The rapid emergence of the H1N1 strain of influenza in North America and its subsequent global spread have reminded the world that viruses and other microbes are often not limited to specific species and have little regard for international boundaries. While the world was watching to see if the highly pathogenic H5N1 influenza, the so-called bird flu, in Asia and Africa would mutate to make transmission easy among humans, the new H1N1 influenza -- first called swine flu because it shares several gene sequences with influenza viruses found in pigs -- seems to have already made that transition.
Changes to influenza viruses can happen as a result of quick mutations or as the end result of a slower drift in genetic material. At the same time, different influenza viruses exchange entire genetic segments with one another when they simultaneously infect the same person or animal. One of the virus's genetic segments controls the hemagglutinin antigen, which sits on the surface of the virus and allows it to attach itself to the cells of the host. Another segment controls neuraminidase, a protein that enables the virus's release from the host cell after multiplying. The combination of H's and N's provides the name used for strains of influenza viruses such as H5N1 and H1N2.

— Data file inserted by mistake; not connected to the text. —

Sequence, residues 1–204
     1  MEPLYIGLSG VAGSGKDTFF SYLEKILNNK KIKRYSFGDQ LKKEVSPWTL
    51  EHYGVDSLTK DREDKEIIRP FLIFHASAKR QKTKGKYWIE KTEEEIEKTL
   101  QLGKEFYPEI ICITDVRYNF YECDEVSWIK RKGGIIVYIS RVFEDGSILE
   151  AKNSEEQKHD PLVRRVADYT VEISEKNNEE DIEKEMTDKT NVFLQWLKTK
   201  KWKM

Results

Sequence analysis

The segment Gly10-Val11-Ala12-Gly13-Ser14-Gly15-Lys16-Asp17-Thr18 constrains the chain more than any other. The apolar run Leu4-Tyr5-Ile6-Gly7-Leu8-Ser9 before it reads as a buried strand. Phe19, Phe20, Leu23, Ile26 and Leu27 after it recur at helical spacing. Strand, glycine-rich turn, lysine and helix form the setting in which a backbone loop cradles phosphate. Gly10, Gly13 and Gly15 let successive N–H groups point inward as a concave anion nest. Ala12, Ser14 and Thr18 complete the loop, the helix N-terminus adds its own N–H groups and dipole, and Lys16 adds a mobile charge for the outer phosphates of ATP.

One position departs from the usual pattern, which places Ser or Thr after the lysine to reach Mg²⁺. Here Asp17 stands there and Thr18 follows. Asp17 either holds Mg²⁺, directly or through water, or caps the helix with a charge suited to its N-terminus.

The host, whether it is a person, bird, or pig, provides a place for influenzas to make contact, exchange genetic material, and form new viruses. Such genetic intermixing is not uncommon: the new H1N1 influenza virus, for example, appears to have formed from components of previously circulating viruses with a mix of influenza genes for three different host groups: birds, pigs, and humans.
This specific H1N1 virus rapidly circulating around the world, then, is not a new phenomenon but simply a new strain of influenza. This does not, however, mean that there is no need for concern. Each new strain of influenza has the potential to cause mild to very serious disease,